Okay, I had FOUR favorite parts. Here is the first:
"For over two decades, he's (John McCain) subscribed to that old, discredited Republican philosophy - give more and more to those with the most and hope that prosperity trickles down to everyone else. In Washington, they call this the Ownership Society, but what it really means is - you're on your own. Out of work? Tough luck. You're on your own. No health care? The market will fix it. You're on your own. Born into poverty? Pull yourself up by your own bootstraps - even if you don't have boots. You're on your own."
Then this came just before he outlined specific policies.
"Ours is a promise that says government cannot solve all our problems, but what it should do is that which we cannot do for ourselves - protect us from harm and provide every child a decent education; keep our water clean and our toys safe; invest in new schools and new roads and new science and technology.
"Our government should work for us, not against us. It should help us, not hurt us. It should ensure opportunity not just for those with the most money and influence, but for every American who's willing to work.
"That's the promise of America - the idea that we are responsible for ourselves, but that we also rise or fall as one nation; the fundamental belief that I am my brother's keeper; I am my sister's keeper."
Then he brought up this point that I think is so powerful, and something I've believed in for a long time, particularly when differences of opinion cause family members or friends to worry about my salvation or my sanity.
"In the weeks ahead, I look forward to debating with John McCain. But what I will not do is suggest that the Senator takes his positions for political purposes. Because one of the things that we have to change in our politics is the idea that people cannot disagree without challenging each other's character and patriotism.
"The times are too serious, the stakes are too high for this same partisan playbook. So let us agree that patriotism has no party. I love this country, and so do you, and so does John McCain. The men and women who serve in our battlefields may be Democrats and Republicans and Independents, but they have fought together and bled together and some died together under the same proud flag. They have not served a Red America or a Blue America - they have served the United States of America."
But the end. Oh, the end. He made reference to one of the greatest speeches ever from 45 years ago yesterday. He is the living embodiment of America's promise finally being realized. His body language was like that of a preacher and he lifted that crowd in a way that one orator in a generation might have the gift to do. When it was over, Plantboy said, a bit tongue in cheek, "Where to I get baptised?" The conservative pundits will make much over the next several weeks about how he knows nothing of the middle class, forgetting where Mr. Obama came from and how his parents sacrificed so that he might know the American dream; isn't this the same dream we have for our kids? They will talk about the expense of his sweeping ideas, casually overlooking the billions spent in Iraq that have done little to secure our country. They will say that he is just another liberal who wants to tax and spend, ignoring his core belief that all men and women who are able should work, and that no government program can substitute for a father in the home. But mostly, they will say that he is "just" words. Just words? JUST words? But such words . . . .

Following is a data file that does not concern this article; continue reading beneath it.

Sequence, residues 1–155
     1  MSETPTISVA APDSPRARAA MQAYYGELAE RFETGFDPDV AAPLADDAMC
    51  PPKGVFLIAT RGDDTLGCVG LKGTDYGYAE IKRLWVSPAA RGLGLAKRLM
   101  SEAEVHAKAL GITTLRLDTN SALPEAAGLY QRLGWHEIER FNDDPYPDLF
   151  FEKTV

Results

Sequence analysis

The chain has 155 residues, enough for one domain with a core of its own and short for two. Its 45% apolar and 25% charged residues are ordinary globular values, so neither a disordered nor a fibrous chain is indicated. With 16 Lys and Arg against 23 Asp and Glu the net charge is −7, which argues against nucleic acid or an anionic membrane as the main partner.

"This country of ours has more wealth than any nation, but that's not what makes us rich. We have the most powerful military on Earth, but that's not what makes us strong. Our universities and our culture are the envy of the world, but that's not what keeps the world coming to our shores.
"Instead, it is that American spirit - that American promise - that pushes us forward even when the path is uncertain; that binds us together in spite of our differences; that makes us fix our eye not on what is seen, but what is unseen, that better place around the bend.
"That promise is our greatest inheritance. It's a promise I make to my daughters when I tuck them in at night, and a promise that you make to yours - a promise that has led immigrants to cross oceans and pioneers to travel west; a promise that led workers to picket lines, and women to reach for the ballot.
"And it is that promise that forty five years ago today, brought Americans from every corner of this land to stand together on a Mall in Washington, before Lincoln's Memorial, and hear a young preacher from Georgia speak of his dream.
"The men and women who gathered there could've heard many things. They could've heard words of anger and discord. They could've been told to succumb to the fear and frustration of so many dreams deferred.
"But what the people heard instead - people of every creed and color, from every walk of life - is that in America, our destiny is inextricably linked. That together, our dreams can be one.
"'We cannot walk alone,'" the preacher cried. "'And as we walk, we must make the pledge that we shall always march ahead. We cannot turn back.'
"America, we cannot turn back. Not with so much work to be done. Not with so many children to educate, and so many veterans to care for. Not with an economy to fix and cities to rebuild and farms to save. Not with so many families to protect and so many lives to mend. America, we cannot turn back. We cannot walk alone. At this moment, in this election, we must pledge once more to march into the future. Let us keep that promise - that American promise - and in the words of Scripture hold firmly, without wavering, to the hope that we confess.
Thank you, God Bless you, and God Bless the United States of America."
God. Bless. America.